child reading a book with adult

Children’s books about death

Posted by AK Lander | On October 23, 2018 10:18

We asked four family bereavement charities which books they’d recommend for helping your child come to terms with death and process their grief.

For children, the death of someone close can be difficult to process. From experiencing new emotions to understanding how and why the person died, children often need a little extra help in understanding grief.

A great way to help your child understand a recent death or prepare them for one is through reading. We asked four family bereavement charities which books they’d recommend for helping your child come to terms with death and dying.

Always and Forever, Alan Durrant

“This book tells a journey of grief and how it can be similar to the seasons, I personally as an adult relate to this book and my own journey of grief and how I have felt. Children love this book and it is an easy read.” – Alia Jones, Halo Children’s Foundation

“A lovely illustrated storybook. One of four animal friends dies and so everyone is really sad. They all find lovely ways to remember their friend and this helps them come to terms with his death.” – Nelson’s Journey

“Otter, Mole and Hare miss Fox when he falls ill and dies. They stay at home and don’t want to talk about him because it makes them sadder. Then Squirrel visits and reminds them of all the fun times they had together. They all find a way to remember Fox and get on with their lives. Colourful, detailed pictures in this book emphasise the importance of holding on to memories.” – Winston’s Wish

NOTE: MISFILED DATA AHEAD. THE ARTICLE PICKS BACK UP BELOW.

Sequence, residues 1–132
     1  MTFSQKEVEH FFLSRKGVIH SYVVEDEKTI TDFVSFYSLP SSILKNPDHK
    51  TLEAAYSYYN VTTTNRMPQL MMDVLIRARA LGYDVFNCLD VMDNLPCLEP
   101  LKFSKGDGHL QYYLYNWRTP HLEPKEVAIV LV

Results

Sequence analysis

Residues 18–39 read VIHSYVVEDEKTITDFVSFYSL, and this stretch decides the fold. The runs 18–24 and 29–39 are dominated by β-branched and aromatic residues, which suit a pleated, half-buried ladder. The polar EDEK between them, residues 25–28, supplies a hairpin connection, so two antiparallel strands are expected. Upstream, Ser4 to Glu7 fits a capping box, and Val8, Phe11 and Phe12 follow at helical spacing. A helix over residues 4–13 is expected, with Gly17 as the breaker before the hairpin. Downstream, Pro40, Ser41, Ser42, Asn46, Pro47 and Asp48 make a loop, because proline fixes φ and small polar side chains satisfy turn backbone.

Missing Mummy: A book about bereavement, Rebecca Cobb

“A book sharing loss of a parent and how it can help to talk about loss and look back at memories.” - Alia Jones, Halo Children’s Foundation

“This book deals with the loss of a parent from a child’s point of view. Perfectly pitched text and evocative artwork explore the many emotions a bereaved child may experience, from anger to guilt and from sadness to bewilderment. And importantly, the book also focuses on the positive: the recognition that the child is still part of a family, and his memories of his mother are to be treasured.” – Irish Childhood Bereavement Network (ICBN)

Are You Sad, Little Bear?, Rachel Rivett

“Teaches children it is okay to say goodbye and let go. A similar book about seasons.” - Alia Jones, Halo Children’s Foundation

“Grandmother Bear has gone forever, and Little Bear is feeling sad. His mother wisely suggests that perhaps asking his woodland companions what saying goodbye means to them will help him understand his loss. This charmingly illustrated picture book helps young children in times of bereavement.” – Irish Childhood Bereavement Network (ICBN)

I Miss You: A First Look at Death, Pat Thomas

“A picture book that explores death, children’s feelings and opportunities to explore them.” - Alia Jones, Halo Children’s Foundation

“This is a good first information book to help you to talk about death and grief with clear explanations.” – Nelson’s Journey

“This bright and colourful picture book very simply talks about life and death. It briefly covers a range of issues such as why people die, how you may feel when someone dies and what happens afterwards.” – Winston’s Wish

No Matter What, Debi Gliori

“A rhyming story with large, bright pictures about Small, a young fox who is feeling cross because no one loves him. Large, then reassures him that she’ll love him no matter what. A fun and imaginative book that only briefly talks about death but would be useful to help support a young child through difficult times.” – Winston’s Wish

When Dinosaurs Die: A Guide to Understanding Death, Laurene Krasny Brown & Marc Brown